Alex Toth is revered as one of the greatest of all comics artists. Others laud his pioneering work in animation, including his groundbreaking designs for Space Ghost and The Herculoids. His work influenced countless professionals in both fields. His biography and talents proved too big to be contained in a single volume. Therefore, we’re releasing the much-anticipated Genius, Isolated: The Life and Art of Alex Toth in March 2011 as the first in a three-book set that will be the definitive statement on the restless genius and timeless legacy of Alex Toth.
Created by the Eisner Award-winning team of Dean Mullaney and Bruce Canwell—who produced the ground-breaking Scorchy Smith and the Art of Noel Sickles—Genius, Isolated is a lavishly illustrated book that includes the first biography of this giant figure. The book has been compiled with complete access to the family archives, and with the full cooperation of Toth’s children.
Alex Toth in a playful mood in 2005 with Dana (his eldest daughter) and Eric (his eldest son).
Associate Art Director Lorraine Turner and I met with Dana and Eric last week to discuss the expansive plans for the three-book set. To say that we’re all excited with the larger scope of the project is an understatement!
In addition to art and photographs from the family, Toth fans and friends throughout the world have loaned original artwork reproduced in the entire series. Included are many examples of Alex’s art, from complete stories to rare pages, as well as —incredibly—a previously unknown, unfinished, and unpublished penciled story from the early 1950s! The tome covers his earliest stories at DC in the 1940s, his defining work at Standard and his incomparable Zorro comics in the 1950s, and a special section collects—for the first time—the complete Jon Fury pages that Toth produced while in the army, a section that alone is worth the price of admission.
Alex Toth was more than a unique and influential artist. He was a keenly insightful philosopher about comics, cartooning, and animation—with opinions on how they are created as opposed to how he felt they should be created. He wasn’t shy about expressing those thoughts, whether in sometimes-scathing personal letters, essays for publication, or letters to the editor. To flesh out the complete story of his life and art, Mullaney and Canwell have spent more than a year conducting wide-ranging interviews with dozens of Toth’s peers, friends, and family members. With a special introduction by Mark Chiarello, Genius, Isolated is the beginning of a comics biography everyone will be talking about for years to come.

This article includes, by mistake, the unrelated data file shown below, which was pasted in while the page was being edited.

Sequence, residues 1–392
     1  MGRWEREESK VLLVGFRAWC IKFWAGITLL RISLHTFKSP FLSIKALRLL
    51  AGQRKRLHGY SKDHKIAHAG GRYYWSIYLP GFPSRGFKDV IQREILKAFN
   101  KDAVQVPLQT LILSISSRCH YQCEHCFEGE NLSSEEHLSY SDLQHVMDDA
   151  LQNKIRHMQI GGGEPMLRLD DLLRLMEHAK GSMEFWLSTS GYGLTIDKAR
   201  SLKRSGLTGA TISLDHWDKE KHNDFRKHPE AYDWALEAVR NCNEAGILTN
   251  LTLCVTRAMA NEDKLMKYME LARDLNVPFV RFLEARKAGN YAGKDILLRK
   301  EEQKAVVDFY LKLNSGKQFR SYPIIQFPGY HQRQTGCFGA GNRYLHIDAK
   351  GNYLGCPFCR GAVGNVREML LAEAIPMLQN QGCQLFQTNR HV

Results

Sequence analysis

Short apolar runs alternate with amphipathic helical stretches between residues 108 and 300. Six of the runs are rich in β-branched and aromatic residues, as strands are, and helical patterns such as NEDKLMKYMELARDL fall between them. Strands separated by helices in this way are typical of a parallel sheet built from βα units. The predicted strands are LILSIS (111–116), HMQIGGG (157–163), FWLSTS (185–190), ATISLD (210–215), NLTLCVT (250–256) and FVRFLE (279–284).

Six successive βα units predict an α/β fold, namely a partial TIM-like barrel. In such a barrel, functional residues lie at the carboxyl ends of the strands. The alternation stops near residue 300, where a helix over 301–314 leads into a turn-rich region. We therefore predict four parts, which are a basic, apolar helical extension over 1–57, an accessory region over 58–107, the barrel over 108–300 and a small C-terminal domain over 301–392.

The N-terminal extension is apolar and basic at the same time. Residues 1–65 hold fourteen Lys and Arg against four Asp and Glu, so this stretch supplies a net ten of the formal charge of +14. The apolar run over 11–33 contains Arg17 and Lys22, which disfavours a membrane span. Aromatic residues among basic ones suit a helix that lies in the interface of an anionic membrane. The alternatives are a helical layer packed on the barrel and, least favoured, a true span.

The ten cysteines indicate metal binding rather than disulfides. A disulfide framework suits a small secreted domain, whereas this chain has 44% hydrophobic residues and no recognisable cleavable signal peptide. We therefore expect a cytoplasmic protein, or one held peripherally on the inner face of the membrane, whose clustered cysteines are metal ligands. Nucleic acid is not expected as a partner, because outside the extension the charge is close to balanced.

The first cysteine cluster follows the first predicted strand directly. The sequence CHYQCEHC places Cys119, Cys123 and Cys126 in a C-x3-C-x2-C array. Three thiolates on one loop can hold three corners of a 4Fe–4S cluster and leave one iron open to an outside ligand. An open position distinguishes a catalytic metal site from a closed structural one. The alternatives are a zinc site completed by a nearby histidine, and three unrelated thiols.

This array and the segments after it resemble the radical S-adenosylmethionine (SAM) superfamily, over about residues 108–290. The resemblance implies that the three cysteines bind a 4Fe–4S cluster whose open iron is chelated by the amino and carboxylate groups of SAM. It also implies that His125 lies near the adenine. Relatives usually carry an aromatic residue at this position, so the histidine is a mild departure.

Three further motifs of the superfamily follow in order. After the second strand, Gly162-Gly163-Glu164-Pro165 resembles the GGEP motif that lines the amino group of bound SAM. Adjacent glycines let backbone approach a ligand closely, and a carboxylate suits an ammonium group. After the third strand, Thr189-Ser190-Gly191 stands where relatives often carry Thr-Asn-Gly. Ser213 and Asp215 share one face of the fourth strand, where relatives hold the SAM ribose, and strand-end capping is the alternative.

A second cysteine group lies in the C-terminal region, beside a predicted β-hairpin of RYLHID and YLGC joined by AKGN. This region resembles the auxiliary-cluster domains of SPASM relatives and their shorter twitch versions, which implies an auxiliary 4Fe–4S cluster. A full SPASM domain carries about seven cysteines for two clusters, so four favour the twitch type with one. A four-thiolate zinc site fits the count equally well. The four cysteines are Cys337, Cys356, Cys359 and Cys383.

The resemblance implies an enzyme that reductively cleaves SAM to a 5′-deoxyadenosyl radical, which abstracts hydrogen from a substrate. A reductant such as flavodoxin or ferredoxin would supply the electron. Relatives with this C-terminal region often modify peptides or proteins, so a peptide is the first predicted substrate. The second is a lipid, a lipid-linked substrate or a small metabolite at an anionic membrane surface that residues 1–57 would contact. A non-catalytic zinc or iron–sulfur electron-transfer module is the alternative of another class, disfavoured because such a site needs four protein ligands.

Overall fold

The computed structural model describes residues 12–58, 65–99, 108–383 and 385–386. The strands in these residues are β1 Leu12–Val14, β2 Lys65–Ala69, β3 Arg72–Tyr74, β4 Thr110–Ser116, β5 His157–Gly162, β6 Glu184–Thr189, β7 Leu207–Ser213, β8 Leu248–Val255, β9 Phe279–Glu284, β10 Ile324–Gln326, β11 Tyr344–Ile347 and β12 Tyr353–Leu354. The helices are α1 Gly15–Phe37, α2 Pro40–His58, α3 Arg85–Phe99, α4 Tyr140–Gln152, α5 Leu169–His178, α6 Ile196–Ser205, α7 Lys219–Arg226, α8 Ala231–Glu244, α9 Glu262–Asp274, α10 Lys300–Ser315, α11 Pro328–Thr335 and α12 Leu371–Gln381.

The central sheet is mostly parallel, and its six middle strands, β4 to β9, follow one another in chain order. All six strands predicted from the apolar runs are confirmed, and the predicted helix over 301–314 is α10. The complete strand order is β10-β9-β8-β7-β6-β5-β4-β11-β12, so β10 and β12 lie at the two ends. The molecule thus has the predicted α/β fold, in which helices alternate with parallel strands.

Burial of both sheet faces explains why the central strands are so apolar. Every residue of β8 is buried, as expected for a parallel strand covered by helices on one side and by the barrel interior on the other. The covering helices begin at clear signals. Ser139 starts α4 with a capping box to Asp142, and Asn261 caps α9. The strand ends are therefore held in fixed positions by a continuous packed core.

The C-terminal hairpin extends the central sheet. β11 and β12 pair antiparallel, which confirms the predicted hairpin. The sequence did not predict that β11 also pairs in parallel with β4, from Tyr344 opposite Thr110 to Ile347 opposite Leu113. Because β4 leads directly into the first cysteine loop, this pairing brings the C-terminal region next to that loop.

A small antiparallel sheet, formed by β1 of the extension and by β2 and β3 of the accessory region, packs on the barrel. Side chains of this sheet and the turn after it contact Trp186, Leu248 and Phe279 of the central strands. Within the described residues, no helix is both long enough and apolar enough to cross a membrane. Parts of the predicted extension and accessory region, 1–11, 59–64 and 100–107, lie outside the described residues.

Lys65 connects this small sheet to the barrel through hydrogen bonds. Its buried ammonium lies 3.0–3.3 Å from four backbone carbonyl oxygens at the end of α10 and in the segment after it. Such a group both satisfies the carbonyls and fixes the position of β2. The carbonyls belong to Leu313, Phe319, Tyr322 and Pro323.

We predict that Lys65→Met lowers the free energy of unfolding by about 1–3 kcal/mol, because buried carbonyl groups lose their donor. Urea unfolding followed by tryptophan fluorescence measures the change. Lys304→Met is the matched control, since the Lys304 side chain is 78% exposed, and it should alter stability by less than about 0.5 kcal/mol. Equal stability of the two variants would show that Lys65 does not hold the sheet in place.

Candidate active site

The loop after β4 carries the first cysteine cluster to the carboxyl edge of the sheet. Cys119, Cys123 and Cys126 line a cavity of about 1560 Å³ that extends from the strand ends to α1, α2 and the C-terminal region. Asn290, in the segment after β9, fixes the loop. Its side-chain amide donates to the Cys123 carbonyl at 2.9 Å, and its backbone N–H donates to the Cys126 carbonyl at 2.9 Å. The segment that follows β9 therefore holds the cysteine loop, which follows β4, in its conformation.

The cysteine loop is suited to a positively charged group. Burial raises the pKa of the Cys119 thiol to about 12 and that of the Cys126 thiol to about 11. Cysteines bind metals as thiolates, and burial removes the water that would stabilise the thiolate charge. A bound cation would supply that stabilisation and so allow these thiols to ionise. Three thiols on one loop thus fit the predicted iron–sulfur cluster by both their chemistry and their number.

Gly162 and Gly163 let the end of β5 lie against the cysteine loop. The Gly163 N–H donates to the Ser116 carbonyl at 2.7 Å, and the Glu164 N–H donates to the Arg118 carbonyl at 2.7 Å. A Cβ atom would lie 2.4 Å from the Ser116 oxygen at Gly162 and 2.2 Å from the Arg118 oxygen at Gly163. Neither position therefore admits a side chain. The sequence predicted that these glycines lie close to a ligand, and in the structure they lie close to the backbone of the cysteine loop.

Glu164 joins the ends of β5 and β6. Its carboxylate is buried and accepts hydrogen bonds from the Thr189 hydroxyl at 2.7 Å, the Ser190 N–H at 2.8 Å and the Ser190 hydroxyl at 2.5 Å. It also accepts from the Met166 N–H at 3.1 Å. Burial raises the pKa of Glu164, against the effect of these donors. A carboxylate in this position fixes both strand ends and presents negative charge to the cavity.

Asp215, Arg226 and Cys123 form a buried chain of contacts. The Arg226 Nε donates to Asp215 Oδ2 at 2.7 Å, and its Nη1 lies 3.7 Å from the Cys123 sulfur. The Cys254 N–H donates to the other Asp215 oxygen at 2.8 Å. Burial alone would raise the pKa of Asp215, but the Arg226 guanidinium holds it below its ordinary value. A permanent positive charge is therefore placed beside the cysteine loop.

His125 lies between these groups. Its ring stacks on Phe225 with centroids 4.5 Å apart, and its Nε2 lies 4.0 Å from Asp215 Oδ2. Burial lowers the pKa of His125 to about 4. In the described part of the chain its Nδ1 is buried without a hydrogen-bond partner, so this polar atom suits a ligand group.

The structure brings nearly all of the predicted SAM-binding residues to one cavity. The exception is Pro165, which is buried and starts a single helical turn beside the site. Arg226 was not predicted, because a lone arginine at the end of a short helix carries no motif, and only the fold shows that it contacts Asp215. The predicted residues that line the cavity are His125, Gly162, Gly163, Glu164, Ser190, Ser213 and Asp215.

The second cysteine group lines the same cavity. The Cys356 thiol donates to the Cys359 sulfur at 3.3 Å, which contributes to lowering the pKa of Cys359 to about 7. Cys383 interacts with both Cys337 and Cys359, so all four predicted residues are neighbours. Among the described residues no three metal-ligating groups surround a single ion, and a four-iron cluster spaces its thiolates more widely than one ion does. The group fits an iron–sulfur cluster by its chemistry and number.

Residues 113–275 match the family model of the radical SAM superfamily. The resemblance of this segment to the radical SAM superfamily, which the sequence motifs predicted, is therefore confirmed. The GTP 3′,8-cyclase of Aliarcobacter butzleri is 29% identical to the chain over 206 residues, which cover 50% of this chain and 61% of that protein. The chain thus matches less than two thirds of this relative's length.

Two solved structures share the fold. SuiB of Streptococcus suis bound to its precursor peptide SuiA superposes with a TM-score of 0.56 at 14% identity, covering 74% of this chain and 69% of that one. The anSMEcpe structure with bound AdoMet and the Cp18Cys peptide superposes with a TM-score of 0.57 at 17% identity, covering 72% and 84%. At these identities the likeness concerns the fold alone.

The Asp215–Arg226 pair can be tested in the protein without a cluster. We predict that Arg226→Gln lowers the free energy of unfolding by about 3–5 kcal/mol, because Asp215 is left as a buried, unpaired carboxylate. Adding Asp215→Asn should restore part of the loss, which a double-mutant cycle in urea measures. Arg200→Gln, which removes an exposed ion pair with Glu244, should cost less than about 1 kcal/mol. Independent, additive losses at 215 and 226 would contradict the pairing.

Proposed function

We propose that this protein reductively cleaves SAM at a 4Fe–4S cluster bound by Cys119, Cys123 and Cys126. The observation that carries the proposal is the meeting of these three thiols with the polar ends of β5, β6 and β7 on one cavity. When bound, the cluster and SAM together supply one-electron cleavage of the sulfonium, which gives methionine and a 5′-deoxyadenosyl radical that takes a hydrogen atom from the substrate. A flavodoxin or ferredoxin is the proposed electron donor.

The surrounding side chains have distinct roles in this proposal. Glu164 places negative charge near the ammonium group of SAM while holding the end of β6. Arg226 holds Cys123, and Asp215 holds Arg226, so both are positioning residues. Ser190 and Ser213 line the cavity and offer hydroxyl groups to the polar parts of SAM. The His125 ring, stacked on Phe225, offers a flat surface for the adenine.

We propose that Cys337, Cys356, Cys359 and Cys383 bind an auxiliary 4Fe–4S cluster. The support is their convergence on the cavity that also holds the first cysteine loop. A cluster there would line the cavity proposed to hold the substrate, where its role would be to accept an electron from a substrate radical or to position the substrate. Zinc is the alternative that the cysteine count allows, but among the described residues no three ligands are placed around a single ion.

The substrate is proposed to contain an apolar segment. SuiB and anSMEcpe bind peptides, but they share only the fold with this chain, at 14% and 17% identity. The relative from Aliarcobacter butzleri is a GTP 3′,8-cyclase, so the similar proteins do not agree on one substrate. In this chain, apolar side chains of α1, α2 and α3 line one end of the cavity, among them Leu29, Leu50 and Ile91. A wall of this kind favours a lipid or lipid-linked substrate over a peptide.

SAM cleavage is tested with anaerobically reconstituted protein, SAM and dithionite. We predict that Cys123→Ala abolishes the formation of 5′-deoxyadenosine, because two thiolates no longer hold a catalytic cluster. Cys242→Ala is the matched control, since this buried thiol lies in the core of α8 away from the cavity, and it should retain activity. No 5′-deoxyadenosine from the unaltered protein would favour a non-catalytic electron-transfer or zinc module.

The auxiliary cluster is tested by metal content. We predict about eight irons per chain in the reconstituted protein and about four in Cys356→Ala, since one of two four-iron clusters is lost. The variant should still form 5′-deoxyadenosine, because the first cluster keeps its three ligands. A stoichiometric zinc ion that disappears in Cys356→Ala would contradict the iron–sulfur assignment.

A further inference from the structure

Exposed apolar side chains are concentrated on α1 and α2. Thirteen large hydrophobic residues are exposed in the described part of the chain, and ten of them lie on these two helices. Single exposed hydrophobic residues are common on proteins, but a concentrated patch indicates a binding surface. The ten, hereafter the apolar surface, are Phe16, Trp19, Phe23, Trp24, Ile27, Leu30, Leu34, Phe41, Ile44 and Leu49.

Genius, Isolated details his life story and work through the early 1960s, when he began his sensational move into animated cartoons. The second book in the series, Genius, Illustrated, picks up the story as Toth becomes one of the leading character designers in television animation—continues through his renewed career in comics with Warren, DC, and his creator-owned properties of the 1970s and beyond—and includes an examination of the artist’s poignant final years.
The third book, Genius, Animated, is a wide-ranging art book reproducing hundreds of Toth’s model sheets and storyboards for such successful cartoons as Space Ghost and Dino Boy, Jonny Quest, Space Angel, Super Friends, The Fantastic Four, Hot Wheels, Thundarr, and Shazzan…and also includes many full-color presentation pieces designed to sell new series to the networks.
A slipcase for the three-book set will be available with the third book.